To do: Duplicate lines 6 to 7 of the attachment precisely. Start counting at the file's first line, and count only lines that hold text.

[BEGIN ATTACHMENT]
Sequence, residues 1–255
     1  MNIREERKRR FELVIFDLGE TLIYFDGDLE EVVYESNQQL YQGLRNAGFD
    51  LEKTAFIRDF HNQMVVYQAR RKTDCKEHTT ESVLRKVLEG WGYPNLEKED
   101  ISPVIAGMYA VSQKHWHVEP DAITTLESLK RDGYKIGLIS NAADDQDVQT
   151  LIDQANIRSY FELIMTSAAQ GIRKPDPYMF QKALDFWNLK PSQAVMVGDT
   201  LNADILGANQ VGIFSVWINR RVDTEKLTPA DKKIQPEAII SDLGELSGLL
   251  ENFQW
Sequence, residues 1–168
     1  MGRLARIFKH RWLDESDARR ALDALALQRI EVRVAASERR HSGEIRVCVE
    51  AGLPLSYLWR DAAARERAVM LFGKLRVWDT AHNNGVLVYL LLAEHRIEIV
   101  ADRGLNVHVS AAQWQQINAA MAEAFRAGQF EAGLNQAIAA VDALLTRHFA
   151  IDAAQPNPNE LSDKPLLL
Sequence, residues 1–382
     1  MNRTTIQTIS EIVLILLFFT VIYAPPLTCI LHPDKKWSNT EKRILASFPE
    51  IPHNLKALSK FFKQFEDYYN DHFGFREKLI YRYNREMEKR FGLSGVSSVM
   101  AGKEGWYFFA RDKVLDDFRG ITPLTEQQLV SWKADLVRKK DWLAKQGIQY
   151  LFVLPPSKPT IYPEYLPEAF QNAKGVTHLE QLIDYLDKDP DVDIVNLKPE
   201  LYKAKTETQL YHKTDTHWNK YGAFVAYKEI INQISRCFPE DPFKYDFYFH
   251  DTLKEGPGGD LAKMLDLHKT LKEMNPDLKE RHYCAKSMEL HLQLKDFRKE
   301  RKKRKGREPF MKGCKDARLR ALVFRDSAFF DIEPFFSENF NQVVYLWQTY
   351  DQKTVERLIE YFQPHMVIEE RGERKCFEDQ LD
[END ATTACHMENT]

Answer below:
   201  LNADILGANQ VGIFSVWINR RVDTEKLTPA DKKIQPEAII SDLGELSGLL
   251  ENFQW